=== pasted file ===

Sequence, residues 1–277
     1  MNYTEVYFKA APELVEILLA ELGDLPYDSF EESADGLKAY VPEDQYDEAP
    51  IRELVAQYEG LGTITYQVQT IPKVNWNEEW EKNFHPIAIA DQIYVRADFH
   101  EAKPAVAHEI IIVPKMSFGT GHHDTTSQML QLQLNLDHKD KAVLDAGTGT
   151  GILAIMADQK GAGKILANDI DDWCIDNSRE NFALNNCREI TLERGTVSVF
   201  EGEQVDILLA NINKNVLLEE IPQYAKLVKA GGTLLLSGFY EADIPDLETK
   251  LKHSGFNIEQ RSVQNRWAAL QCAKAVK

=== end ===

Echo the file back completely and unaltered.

Sequence, residues 1–277
     1  MNYTEVYFKA APELVEILLA ELGDLPYDSF EESADGLKAY VPEDQYDEAP
    51  IRELVAQYEG LGTITYQVQT IPKVNWNEEW EKNFHPIAIA DQIYVRADFH
   101  EAKPAVAHEI IIVPKMSFGT GHHDTTSQML QLQLNLDHKD KAVLDAGTGT
   151  GILAIMADQK GAGKILANDI DDWCIDNSRE NFALNNCREI TLERGTVSVF
   201  EGEQVDILLA NINKNVLLEE IPQYAKLVKA GGTLLLSGFY EADIPDLETK
   251  LKHSGFNIEQ RSVQNRWAAL QCAKAVK